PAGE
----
Why the Soviet computer failed

324 views
Skip to first unread message

Andreas Kohlbach

unread,
Jul 27, 2022, 5:25:21 PMJul 27
to
Found this <https://www.youtube.com/watch?v=dnHdqPBrtH8>
interesting. Reasons, why the Soviet Union/Russia never caught up to the
US in the "computer race".

Suppose one can project that are the same reasons Russia today can't do
without massive technology support from outside.
--
Andreas

Robin Vowels

unread,
Jul 27, 2022, 10:02:25 PMJul 27
to
On Thursday, July 28, 2022 at 7:25:21 AM UTC+10, Andreas Kohlbach wrote:
> Found this <https://www.youtube.com/watch?v=dnHdqPBrtH8>
> interesting. Reasons, why the Soviet Union/Russia never caught up to the
> US in the "computer race".
.
The claim that the BESM-1 was the fastest computer in Europe is
false. The quoted speed is 8,000 to 10,000 operations per second.
.
Pilot ACE's speed in 1950 was 33,000 operations per second,
achieved with a clock speed of 1 MHz.

Bill Findlay

unread,
Jul 28, 2022, 10:52:00 AMJul 28
to
On 27 Jul 2022, Andreas Kohlbach wrote
(in article <87pmhq1...@usenet.ankman.de>):
"solving complicated quadratic equations for fission"

LOL

--
Bill Findlay

Roger Blake

unread,
Jul 28, 2022, 6:19:42 PMJul 28
to
On 2022-07-27, Andreas Kohlbach <a...@spamfence.net> wrote:
> Found this <https://www.youtube.com/watch?v=dnHdqPBrtH8>
> interesting. Reasons, why the Soviet Union/Russia never caught up to the
> US in the "computer race".

The Russkie talks big but frankly he's short on know-how. You can't expect
a bunch of ignorant peons to understand a machine like some of our boys.

--
-----------------------------------------------------------------------------
Roger Blake (Change "invalid" to "com" for email. Google Groups killfiled.)

"Climate policy has almost nothing to do anymore with environmental
protection... the next world climate summit in Cancun is actually
an economy summit during which the distribution of the world's
resources will be negotiated." -- Ottmar Edenhofer, IPCC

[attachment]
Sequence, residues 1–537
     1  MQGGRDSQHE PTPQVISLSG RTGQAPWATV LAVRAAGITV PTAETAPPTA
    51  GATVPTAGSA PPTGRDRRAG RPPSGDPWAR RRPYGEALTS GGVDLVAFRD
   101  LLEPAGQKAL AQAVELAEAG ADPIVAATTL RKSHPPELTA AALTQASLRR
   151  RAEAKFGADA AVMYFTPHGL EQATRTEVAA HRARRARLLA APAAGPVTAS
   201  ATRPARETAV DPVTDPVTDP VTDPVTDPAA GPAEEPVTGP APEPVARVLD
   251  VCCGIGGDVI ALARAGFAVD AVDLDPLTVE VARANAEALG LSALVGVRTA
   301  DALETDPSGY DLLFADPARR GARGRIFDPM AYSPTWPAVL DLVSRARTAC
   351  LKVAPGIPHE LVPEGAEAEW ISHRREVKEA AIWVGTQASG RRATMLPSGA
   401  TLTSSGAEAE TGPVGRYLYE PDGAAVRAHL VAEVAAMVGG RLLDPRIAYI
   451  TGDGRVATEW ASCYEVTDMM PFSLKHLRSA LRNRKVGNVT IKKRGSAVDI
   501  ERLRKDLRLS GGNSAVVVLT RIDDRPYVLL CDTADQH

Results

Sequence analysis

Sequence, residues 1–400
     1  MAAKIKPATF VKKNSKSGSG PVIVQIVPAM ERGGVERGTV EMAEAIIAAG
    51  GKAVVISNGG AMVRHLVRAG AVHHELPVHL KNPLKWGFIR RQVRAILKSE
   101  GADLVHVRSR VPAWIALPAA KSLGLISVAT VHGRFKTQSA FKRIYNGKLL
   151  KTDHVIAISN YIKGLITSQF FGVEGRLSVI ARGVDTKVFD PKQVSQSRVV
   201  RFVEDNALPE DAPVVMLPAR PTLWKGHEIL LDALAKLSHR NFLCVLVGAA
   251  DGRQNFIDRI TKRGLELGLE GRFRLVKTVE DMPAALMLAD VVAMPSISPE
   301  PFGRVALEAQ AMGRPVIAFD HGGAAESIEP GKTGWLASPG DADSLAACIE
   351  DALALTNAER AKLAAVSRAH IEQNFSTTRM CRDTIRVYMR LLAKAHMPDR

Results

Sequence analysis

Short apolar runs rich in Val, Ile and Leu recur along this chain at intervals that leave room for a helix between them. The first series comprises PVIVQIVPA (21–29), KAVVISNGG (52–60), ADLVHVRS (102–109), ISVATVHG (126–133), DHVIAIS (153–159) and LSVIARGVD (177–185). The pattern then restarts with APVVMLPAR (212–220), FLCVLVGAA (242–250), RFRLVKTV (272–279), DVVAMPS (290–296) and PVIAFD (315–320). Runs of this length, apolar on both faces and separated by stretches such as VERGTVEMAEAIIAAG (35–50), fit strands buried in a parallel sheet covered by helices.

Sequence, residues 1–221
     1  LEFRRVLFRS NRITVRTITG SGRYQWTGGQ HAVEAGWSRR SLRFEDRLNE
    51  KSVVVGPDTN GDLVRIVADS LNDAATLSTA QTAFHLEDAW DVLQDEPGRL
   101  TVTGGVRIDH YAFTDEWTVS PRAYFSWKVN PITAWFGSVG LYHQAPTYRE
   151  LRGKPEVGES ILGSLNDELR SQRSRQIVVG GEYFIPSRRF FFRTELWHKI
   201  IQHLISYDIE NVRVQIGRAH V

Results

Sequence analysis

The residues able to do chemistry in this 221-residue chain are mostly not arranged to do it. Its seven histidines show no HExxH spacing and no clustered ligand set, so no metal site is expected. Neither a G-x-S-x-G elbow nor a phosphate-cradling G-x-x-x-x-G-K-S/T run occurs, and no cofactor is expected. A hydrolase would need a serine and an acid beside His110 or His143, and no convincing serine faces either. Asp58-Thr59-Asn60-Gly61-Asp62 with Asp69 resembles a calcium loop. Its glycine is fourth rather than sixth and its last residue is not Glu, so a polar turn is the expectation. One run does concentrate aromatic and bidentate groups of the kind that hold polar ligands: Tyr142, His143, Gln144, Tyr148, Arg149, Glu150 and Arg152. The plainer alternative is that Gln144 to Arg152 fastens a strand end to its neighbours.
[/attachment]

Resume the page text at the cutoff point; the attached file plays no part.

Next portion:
-----------------------------------------------------------------------------

Peter Flass

unread,
Jul 28, 2022, 8:52:45 PMJul 28
to
Roger Blake <rogb...@iname.invalid> wrote:
> On 2022-07-27, Andreas Kohlbach <a...@spamfence.net> wrote:
>> Found this <https://www.youtube.com/watch?v=dnHdqPBrtH8>
>> interesting. Reasons, why the Soviet Union/Russia never caught up to the
>> US in the "computer race".
>
> The Russkie talks big but frankly he's short on know-how. You can't expect
> a bunch of ignorant peons to understand a machine like some of our boys.
>

The thing is, there are a lot of smart Russians. Their programming skills
are tops, but unfortunately they seem to apply them more to hacking than
productive uses. I think it’s mostly their system that holds them back. The
current idiot in the Kremlin hasn’t helped

--
Pete

jtmpreno

unread,
Jul 28, 2022, 10:25:18 PMJul 28
to
On 7/28/2022 3:19 PM, Roger Blake wrote:
> On 2022-07-27, Andreas Kohlbach <a...@spamfence.net> wrote:
>> Found this <https://www.youtube.com/watch?v=dnHdqPBrtH8>
>> interesting. Reasons, why the Soviet Union/Russia never caught up to the
>> US in the "computer race".
>
> The Russkie talks big but frankly he's short on know-how. You can't expect
> a bunch of ignorant peons to understand a machine like some of our boys.
>

That sounds like it came from Dr. Strangelove.

The reason is more likely to be that the Soviet Union was a centrally
controlled economy.

The Russian economy is still centrally controlled by the oligarchs who
run it for Putin.

We have our own oligarchs running our economy but there is still some
room for innovation.

They let the little people invent new things, develop markets for them,
and then either buy the small companies or use the small companies'
patents and then sue the small companies into bankruptcy and then buy
the patents for almost nothing.

That way the big companies don't have to invest in R&D. They spend their
money on marketing.

We get more and more like Russia all the time. And eventually the
Trumpers could be successful and we will have a dictatorship just like
Russia.



Roger Blake

unread,
Jul 29, 2022, 12:26:06 AMJul 29
to
On 2022-07-29, jtmpreno <no...@znet.com> wrote:
> That sounds like it came from Dr. Strangelove.

https://www.youtube.com/watch?v=W6b9wp7lsxo

Scott Lurndal

unread,
Jul 29, 2022, 11:53:00 AMJul 29
to
jtmpreno <no...@znet.com> writes:
>On 7/28/2022 3:19 PM, Roger Blake wrote:
>> On 2022-07-27, Andreas Kohlbach <a...@spamfence.net> wrote:
>>> Found this <https://www.youtube.com/watch?v=dnHdqPBrtH8>
>>> interesting. Reasons, why the Soviet Union/Russia never caught up to the
>>> US in the "computer race".
>>
>> The Russkie talks big but frankly he's short on know-how. You can't expect
>> a bunch of ignorant peons to understand a machine like some of our boys.
>>
>
>That sounds like it came from Dr. Strangelove.

Blake is a noted nutcase.

Dan Espen

unread,
Jul 29, 2022, 1:04:05 PMJul 29
to
Actually he has advocated multiple times for killing a full half of
the population of the USA. A thoroughly disgusting character.
His first proposals were for hanging all liberals from lamp posts.
I guess he figured out that when you hang someone their bowels let loose